Flier Lies

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You couldn’t get me on a
roller coaster with a cattle prod,
but I started the week of the
PGA Championship with a
flight in an F-16, courtesy of
Class A PGA Professional and Oklahoma
Air National Guard member Capt. Dan
“Noonan” Rooney.

The ratbag Rick Reilly
had been up a few years back and wrote a
hilarious piece for Sports Illustrated about it,
but my jaunt was to promote the Fallen
Heroes Fund, started by Capt. Dan just a
year ago. The fund benefits the families of
those who have been impacted by the war,
so I immediately put my hand in the air.

Everyone who gets the privilege is given
a call sign, and I remembered that Reilly’s
was “Two Bags” for the velocity and capacity
of his hurlage, so I reckoned all I needed was
“One Bag” to be one up on my more widely
read hero.

The flight and subsequent piece that
aired on CBS created public awareness about Patriot
Day, Sept. 1, when participating public golf clubs
around the country donated $1 from every green fee
and members of private clubs were encouraged to
donate whatever they wished.

My day started with three hours of rigorous
training on how to get in and out of the jet and how
to kiss my ass goodbye if anything went wrong.
Reilly had been advised to eat a preflight banana, but
lunch for me was a double sweaty Jalepeno cheeseburger,
fries and a large chocolate malt because I hate
throwing up on an empty stomach.

The plane, baking on the hot tarmac, looked like
a hypodermic needle with razor blades for wings and
a rocket for a plunger. Before I knew it I was strapped
in, lit up, and screaming for my mommy as Desperate
Dan launched down the runway, pointed the nose
vertical, and shot to 15,000 feet in 30 seconds. I felt
like I’d been fired out of a cannon with an elephant
sitting in my lap. Then we leveled out, flew into
Kansas, and Dan really started to tie my bowels into
a sheepshank. Thank God for the G-suit, a plumcrushing
harness, and a pilot who knew what he
was doing, or at least made me think he did.

We did aileron rolls (whatever the hell they
are, I think I’ve had them with red
beans and rice), vertical swoopy
things and plunging necklines
before Dan gave me a few gut-churning
banked dives that almost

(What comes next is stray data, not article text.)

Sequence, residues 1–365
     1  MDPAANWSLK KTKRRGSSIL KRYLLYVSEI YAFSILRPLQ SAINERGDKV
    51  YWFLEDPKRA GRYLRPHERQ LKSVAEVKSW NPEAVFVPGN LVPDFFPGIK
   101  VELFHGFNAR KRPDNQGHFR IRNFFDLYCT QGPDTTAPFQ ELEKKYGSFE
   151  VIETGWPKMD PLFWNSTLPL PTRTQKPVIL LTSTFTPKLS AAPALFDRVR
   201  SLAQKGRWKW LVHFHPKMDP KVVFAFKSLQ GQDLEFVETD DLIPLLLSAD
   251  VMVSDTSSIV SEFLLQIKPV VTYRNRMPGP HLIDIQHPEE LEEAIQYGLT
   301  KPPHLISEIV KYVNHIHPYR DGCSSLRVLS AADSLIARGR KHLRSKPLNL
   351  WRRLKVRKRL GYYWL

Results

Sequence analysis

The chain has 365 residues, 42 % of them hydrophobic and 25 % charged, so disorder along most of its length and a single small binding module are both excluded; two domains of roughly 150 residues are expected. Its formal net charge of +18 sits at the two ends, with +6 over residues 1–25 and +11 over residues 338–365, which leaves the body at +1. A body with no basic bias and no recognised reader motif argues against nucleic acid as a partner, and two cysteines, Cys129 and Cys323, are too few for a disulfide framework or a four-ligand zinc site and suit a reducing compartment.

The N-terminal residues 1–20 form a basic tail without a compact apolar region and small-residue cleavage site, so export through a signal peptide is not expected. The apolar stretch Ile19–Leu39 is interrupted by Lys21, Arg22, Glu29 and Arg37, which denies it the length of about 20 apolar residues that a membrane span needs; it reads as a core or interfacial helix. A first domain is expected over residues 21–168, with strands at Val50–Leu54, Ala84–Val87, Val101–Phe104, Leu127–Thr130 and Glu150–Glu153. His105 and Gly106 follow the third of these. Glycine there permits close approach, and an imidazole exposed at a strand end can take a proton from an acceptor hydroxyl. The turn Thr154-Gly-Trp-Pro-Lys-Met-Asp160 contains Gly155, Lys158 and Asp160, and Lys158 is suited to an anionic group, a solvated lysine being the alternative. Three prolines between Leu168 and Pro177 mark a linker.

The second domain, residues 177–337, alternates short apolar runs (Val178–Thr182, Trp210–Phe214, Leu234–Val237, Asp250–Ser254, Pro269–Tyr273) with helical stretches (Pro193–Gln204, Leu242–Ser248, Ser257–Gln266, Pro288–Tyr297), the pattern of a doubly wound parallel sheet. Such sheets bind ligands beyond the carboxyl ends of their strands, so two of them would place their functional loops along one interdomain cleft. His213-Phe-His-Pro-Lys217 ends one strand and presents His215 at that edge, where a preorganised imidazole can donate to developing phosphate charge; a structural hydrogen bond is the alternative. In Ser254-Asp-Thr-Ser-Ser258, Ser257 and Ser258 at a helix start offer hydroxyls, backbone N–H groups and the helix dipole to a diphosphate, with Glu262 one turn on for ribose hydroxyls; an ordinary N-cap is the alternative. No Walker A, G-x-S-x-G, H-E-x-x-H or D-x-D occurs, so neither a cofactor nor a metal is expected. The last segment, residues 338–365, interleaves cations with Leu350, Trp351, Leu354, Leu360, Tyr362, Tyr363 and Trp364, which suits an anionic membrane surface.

made me release a chocolate
hostage I didn’t know was a captive.

It was an unbelievable rush, and
I wanted to go again right after we
landed. I’d made it through 9g, with
no leakage, north or south! Four
hours later, still elated, and in 102
degrees, I took an ill-advised bike
ride, during which two idiots
speeding downhill around a blind
corner on the wrong side of the path
took me out, knocking me 20 yards
down the hill and out cold, separating my
shoulder and covering me in enough cuts
and bruises that the next morning I had to
wear my bedsheets into the shower to soak them off
my oozing wounds. The front desk had to be
informed that no murder had taken place in Room
506.

For the four days of the tournament, the average
temperature was about 2 degrees colder than hell.
Despite a strong challenge from “Woodrow the
Weird” Austin, whose wheel is still spinning even
though the gerbil has clearly left his cage, Tiger put
his foot on the gas when it came to the crunch.

You’ve got to love Woody, though. He’d make a cup
of coffee nervous, but late in his career, he’s taming
his demons.

The week was a disaster for the weak, and I was
weak all week. I decided to drive home to Dallas that
Sunday night, drenched in sweat and Gold Bond
powder. By the time I dropped my thunderbags in the
bathroom, my nads had turned to limestone, a sight
that gave She Who Must Be Obeyed quite a fit of the
giggles. She suggested a small tap with a hammer to
set the boys free.

But the important thing is this: Reilly can eat my
perfectly stainless shorts! The call sign Dan gave
me? “Spaulding!”

Wait a minute, didn’t he hurl into a Porsche?